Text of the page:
Now, Nikon has updated the 995's design to create the Coolpix 4500. The biggest change in the new model is an increase in resolution to 4.0 megapixels, rather than the 3.1 megapixels of the 995. The case design is also quite different, retaining the swivel design that's been a hallmark of this line of Coolpix models since their introduction, but adopting a much sleeker, smoother contour overall. The popup flash now hides completely inside the case when not in use, greatly contributing to the smoother outline. Along with the case redesign, the user interface is slightly modified as well, to cope with the removal of one button that was present on the 995 but not on the new model. Having now seen a production model of the 4500, I can say that its image quality is very much in line with that of the 995 it replaces: I think this is going to be a very popular model. Probably not enough differences to entice 995 owners into upgrading, but it'll certainly be an attractive option for owners of 990s or 950s wanting to take the next step. Read on for all the details!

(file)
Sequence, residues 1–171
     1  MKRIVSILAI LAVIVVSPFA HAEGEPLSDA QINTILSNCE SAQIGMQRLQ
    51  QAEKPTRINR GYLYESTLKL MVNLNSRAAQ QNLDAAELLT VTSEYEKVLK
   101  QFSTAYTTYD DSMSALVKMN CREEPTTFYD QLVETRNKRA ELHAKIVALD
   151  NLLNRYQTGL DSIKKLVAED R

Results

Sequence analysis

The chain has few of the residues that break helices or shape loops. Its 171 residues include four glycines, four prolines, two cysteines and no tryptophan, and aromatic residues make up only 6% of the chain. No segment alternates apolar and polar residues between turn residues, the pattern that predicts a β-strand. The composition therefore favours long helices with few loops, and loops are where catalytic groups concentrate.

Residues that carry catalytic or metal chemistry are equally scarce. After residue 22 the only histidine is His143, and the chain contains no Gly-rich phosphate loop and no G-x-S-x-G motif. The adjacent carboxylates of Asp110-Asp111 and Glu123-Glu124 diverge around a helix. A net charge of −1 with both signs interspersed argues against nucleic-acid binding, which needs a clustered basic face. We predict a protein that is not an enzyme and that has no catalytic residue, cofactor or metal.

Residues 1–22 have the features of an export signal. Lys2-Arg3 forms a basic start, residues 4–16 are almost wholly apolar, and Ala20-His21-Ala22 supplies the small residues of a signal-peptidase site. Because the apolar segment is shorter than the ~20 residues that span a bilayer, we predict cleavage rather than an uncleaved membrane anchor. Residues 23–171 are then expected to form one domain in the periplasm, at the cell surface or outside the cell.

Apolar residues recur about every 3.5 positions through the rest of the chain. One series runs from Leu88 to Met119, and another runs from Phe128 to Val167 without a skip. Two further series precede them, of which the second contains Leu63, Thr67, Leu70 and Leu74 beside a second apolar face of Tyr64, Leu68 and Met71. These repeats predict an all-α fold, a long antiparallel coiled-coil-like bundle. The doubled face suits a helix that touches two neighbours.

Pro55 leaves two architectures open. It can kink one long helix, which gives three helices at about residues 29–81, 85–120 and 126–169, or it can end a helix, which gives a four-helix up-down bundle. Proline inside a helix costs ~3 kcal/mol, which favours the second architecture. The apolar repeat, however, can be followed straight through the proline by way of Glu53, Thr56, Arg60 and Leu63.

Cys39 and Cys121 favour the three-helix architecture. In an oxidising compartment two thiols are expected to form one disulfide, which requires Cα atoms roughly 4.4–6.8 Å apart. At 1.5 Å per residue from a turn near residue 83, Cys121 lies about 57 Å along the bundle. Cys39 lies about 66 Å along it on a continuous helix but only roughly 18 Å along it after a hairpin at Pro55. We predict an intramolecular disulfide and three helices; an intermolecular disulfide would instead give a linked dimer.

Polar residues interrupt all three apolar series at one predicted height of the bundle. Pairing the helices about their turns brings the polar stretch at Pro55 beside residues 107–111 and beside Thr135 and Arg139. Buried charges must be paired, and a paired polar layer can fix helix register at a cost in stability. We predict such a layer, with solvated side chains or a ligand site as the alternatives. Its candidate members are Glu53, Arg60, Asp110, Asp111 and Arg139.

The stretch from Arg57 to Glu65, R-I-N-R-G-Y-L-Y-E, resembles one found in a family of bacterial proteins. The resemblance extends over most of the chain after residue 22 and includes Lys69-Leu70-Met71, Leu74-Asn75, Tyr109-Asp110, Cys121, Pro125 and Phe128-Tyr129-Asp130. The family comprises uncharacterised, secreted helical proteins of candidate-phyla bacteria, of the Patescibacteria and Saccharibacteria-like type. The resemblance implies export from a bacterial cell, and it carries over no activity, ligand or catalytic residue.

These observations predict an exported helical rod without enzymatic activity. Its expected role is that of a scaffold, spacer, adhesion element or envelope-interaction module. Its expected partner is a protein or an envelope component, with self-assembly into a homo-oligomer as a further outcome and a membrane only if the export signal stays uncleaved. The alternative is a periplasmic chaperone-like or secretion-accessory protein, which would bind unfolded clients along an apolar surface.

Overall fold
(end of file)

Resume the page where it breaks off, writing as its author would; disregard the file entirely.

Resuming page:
Since many of our readers are already familiar with the previous Coolpix 995 model, I thought it'd be helpful to include a list of the new features Nikon has included on the 4500. Here's what I noticed as new to the 4500: